[23 NJ Page 312]

those it desires to hear, and the production of all books, records and other evidence relative to the matters under investigation.

Within 60 days after its organization, the wage board submits a report to the Commissioner embodying its recommendations of minimum fair wage standards for women and minors in the subject occupation. The Commissioner is directed to accept or reject the report within ten days thereafter. If the report is rejected, the Commissioner is enjoined to resubmit the matter to the same board or to a new board, describing his reasons for rejection. If the report is accepted, it must be published together with such administrative regulations the Commissioner proposes as appropriate to supplement the report and to safeguard the minimum fair wage standards to be established. At the time of publication, notice is required of a public hearing before the Commissioner. All persons favoring or opposing the recommendations contained in the report or the proposed regulations are given the opportunity of being heard.

Within ten days after the hearing, the Commissioner must finally approve or disapprove the report. Disapproval ordinarily entails resubmission of the matter to the same wage board or to a new board. When the Commissioner approves the report, however, he must promulgate a mandatory order containing the minimum fair wage rates included in the report and the proposed administrative regulations. The order becomes effective 180 days after it is issued.

The Commissioner and the wage board in establishing a minimum fair wage under the act consider: (1) all relevant circumstances affecting the value of the service or class of service rendered; (2) wages paid in the State for work of like or comparable character by employers who voluntarily maintain minimum fair wage standards; and (3) the factors which a court would consider in a quantum meruit suit. A "fair wage" is defined to be: "a wage fairly and reasonably commensurate with the value of the service or class of service rendered." R.S. 34:11-34.

[23 NJ Page 313]


Appellants contend that "the overall language and intent of the minimum wage act demonstrates that 'overtime' has a restricted meaning and does not purport to confer authority to fix overtime in the sense of a premium or penalty rate for excessive working hours." The gist of their argument is that the purposes of the Minimum Wage Act are subserved solely through the establishment of the minimum fair wage, in this instance 80 or 85 cents an hour. They contend a complete reading of the act reveals its object to be the establishment of wage rates adequate for subsistence to which the concept of an overtime premium is alien.

The meaning of a statute is primarily ascertained by reading the language employed in its ordinary and common significance. See Jamouneau v. Harner, 16 N.J. 500, 513, petition for certiorari denied 349 U.S. 904, 75 S. Ct. 580, 99 L. Ed. 1241 (1954); Julius Roehrs Co. v. Division of Tax Appeals, 16 N.J. 493, 497, 498 (1954); Abbotts Dairies, Inc., v. Armstrong, 14 N.J. 319, 325 (1953); Bass v. Allen Home Improvement Co., 8 N.J. 219, 226 (1951); Eckert v. New Jersey State Highway Dept., 1 N.J. 474, 479 (1949). The language of R.S. 34:11-47 amply establishes the intent of the Legislature to invest the Commissioner of Labor with authority to regulate the payment of overtime compensation, even though the rate adopted will exceed the minimum fair wage recommended by the wage board. This section reads as follows:

"Within ten days after the hearing the commissioner shall confer with the director and approve or disapprove the report of the wage board. If the report is disapproved the commissioner may resubmit the matter to the same wage board or to a new wage board. If the report is approved the commissioner shall make a mandatory order which shall define minimum fair wage rates in the occupation or occupations as recommended in the report of the wage board and which shall include such proposed administrative regulations as the commissioner may deem appropriate to supplement the report of the wage board and to safeguard the minimum fair wage standards established.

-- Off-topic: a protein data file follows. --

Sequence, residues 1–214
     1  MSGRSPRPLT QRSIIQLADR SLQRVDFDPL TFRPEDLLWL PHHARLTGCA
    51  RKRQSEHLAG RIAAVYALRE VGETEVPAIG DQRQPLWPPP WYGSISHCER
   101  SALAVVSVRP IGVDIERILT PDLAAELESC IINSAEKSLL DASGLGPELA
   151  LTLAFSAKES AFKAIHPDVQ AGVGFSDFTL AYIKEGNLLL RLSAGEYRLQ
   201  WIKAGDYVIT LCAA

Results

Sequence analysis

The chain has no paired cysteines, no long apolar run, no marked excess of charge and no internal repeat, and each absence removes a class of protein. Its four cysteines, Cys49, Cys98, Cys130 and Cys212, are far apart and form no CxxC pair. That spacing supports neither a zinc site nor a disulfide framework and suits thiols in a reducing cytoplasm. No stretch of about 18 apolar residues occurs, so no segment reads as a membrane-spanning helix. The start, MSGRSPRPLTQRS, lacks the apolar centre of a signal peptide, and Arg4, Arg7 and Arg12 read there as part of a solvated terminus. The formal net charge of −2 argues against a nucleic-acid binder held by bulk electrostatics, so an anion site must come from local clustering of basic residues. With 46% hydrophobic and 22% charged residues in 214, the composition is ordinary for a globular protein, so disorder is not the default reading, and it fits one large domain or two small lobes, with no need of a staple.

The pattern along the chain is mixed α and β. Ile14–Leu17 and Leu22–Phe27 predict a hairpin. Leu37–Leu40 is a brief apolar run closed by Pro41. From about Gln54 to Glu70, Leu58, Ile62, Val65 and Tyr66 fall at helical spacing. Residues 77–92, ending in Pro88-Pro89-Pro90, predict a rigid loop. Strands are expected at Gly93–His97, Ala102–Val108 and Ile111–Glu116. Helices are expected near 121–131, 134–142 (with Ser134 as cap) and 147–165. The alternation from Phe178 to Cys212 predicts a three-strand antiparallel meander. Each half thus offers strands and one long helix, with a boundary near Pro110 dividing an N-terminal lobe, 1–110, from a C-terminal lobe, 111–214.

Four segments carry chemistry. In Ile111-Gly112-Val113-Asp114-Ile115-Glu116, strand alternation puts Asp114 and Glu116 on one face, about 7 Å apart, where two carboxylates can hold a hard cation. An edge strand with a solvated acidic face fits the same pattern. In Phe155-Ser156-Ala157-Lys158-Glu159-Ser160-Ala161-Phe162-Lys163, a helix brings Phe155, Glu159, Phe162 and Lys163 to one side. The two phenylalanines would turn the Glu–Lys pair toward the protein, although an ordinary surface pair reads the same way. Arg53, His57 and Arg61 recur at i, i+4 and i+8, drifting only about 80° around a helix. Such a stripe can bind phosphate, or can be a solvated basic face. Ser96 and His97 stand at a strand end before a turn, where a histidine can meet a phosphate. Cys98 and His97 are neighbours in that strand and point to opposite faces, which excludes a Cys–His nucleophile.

[23 NJ Page 314]

Such administrative regulations may include among other things, regulations defining and governing learners and apprentices, their rates, number, proportion or length of service, piece rates or their relations to time rates, overtime or part time rates, bonuses or special pay for special or extra work, deductions for board, lodging, apparel or other items or services supplied by the employer, and other special conditions or circumstances; and in view of the diversities and complexities of different occupations and the dangers of evasion and nullification, the commissioner may provide in such regulations without departing from the basic minimum rates recommended by the wage board such modifications or reductions of or addition to such rates in or for such special cases or classes of cases as those herein enumerated as the commissioner may find appropriate to safeguard the basic minimum rates established. Said mandatory order shall take effect upon expiration of one hundred eighty days from the date of the issuance of the order." (Emphasis supplied)

It is prominently ascertainable that the Commissioner is empowered to increase the basic fair wage rate in the special case of overtime. The meaning of the words used is so clear as to leave no doubt respecting their import. The petitioners' attempt to persuade to the contrary, while ingenious, is specious in its legal reasoning. There is no justification in the context of the act itself for limiting the Commissioner's powers over "overtime" to the situation where a fixed wage is ordered for a week comprising a certain number of working hours.

It is suggested that the only type of "overtime" which R.S. 34:11-47 contemplates is that exemplified by the Arizona Commissioner's order reported in 4 C.C.H., Labor Law Reporter, par. 44055.01, Order No. 2A, for the laundry and dry cleaning industry. There a pay scale of $18.72 was established for a week not exceeding 36 hours. This amounted to 52 cents an hour. For hours worked past 36 during any one week, an hourly rate of 52 cents an hour is specified. Thus, the Arizona employer is prevented from evading or nullifying the effects of the minimum wage order by working his employees overtime at no extra pay or a reduced rate.